Why would I want to build a "professional relationship" with someone who comes from a culture that is increasingly obsessed with branding me a racist by any means necessary? It's not worth the risk, e.g., that making a positive comment about the watermelon served as part of a lunch meeting won't get me written up. Race relations have turned into such a PC minefield that I'd rather just stay out of it altogether.

Others simply say that Blacks don't work as hard.

Now, any number of the 283 posts to this topic are made in jest, and a few support Mystal's complaint. But most do not. They generally support the position that Blacks at big firms got there through affirmative action, with all the expected results. 

In other words, Mystal's complaint doesn't go unanswered. And though most Above the Law readers and commenters would eschew or mock White advocacy as "racism", I sense real dissent bubbling up through the ranks. 

Mystal, naturally, dismisses the "racists" as a cranky minority given to blog vandalism

But the pro-White comments on Above the Law are part of a larger trend. I've simply seen too much of a variety and placement of pro-White comments to dismiss the entire phenomenon as a lone Stormfronter with too much time on his hands. Pro-White comments, from subtle to over-the-top, appear everywhere on the Internet these days. Previously, I've noted that the New York Times was so alarmed by this that it announced it would be censoring such comments. 

The problem with censorship is that commenters are immediately stunned into a recognition that their reasoned dissent is actually deemed "illegal" by the powers that be. That in turn sets off a chain reaction of anger and inquiry: the position is burnished, and now the censorship target is motivated to find out who wants him censored, and why. It also has the effect of simply turning away readers.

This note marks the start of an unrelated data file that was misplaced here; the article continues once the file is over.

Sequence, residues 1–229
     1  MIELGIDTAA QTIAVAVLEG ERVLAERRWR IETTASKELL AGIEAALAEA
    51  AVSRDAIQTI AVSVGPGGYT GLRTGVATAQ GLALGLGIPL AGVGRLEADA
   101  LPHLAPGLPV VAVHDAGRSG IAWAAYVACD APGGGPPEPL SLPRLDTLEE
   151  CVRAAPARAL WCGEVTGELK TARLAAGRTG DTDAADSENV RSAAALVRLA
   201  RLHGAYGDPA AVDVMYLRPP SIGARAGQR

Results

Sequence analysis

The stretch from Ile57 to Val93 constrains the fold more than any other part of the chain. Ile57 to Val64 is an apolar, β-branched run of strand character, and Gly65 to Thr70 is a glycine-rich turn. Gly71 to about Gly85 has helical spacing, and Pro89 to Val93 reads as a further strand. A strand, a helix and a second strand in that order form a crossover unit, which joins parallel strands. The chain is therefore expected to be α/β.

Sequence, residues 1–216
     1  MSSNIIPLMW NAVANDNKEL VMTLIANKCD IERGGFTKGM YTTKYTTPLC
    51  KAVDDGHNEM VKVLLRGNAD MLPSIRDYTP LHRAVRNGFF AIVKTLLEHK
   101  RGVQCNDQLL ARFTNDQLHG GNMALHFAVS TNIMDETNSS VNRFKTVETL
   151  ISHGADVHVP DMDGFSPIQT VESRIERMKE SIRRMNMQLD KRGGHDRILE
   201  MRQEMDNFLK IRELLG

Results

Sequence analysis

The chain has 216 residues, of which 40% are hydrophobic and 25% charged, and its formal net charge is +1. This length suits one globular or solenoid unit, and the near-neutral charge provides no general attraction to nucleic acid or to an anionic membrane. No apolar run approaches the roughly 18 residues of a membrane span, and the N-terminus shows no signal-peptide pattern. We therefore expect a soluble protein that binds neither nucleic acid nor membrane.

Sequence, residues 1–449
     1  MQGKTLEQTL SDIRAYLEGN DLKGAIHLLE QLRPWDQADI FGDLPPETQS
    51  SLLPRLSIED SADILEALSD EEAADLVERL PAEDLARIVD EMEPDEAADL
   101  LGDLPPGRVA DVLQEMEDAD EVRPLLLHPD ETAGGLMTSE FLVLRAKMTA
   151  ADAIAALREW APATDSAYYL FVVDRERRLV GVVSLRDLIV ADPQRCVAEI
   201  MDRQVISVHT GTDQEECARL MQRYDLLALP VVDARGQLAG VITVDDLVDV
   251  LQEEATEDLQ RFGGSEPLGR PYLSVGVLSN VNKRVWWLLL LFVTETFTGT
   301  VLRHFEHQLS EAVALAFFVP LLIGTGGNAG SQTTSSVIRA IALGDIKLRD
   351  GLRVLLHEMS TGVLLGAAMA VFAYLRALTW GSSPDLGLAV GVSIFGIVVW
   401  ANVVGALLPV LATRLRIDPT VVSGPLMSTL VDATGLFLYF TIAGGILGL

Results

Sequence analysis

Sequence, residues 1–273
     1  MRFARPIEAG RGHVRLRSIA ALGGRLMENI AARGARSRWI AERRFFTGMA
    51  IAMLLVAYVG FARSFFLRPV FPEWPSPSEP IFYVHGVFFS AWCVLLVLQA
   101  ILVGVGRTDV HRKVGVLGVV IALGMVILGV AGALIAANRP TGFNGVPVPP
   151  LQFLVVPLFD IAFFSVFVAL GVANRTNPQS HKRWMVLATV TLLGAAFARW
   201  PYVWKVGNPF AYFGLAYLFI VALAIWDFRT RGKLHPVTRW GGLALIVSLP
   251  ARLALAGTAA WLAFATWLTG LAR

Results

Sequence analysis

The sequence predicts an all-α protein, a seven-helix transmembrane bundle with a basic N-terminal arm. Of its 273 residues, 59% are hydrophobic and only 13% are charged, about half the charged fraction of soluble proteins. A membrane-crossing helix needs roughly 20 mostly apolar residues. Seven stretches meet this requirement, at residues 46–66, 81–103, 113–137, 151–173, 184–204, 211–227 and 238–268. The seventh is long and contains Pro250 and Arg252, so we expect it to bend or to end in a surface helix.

Alternatively, the comments go up — and White advocacy is strengthened.  

All of which adds up to a big problem for opponents of Whites. 

The death of the MSM and rise of the Internet is, on balance, good for Whites. The tightly-controlled (traditionally, by Jews) MSM organs are dying, and even arguably anti-White blogs like Above the Law can't lock out all pro-White comments. 

And if young White lawyers start heading in a pro-White direction, by the way, this could mean big problems for the system. By positioning, they are expected to be on the enemy side: They've been trained in law "schul," as a friend likes to say, and see their elders hold up "civil rights" and Atticus Finch (while they, meanwhile, grew up with O.J.). Today, they're being laid off by the hundreds and see affirmative action ridiculousness up close, so they wouldn't seem to have as much to lose. 

Say what you will about lawyers, but they are articulate, and they are good at making trouble. Now that the system needing dismantling is essentially anti-White, this could come in handy. 

Christopher Donovan (email him) is the pen name of an attorney and former journalist.

Permanent link: http://www.theoccidentalobserver.net/authors/Donovan-Mystal.html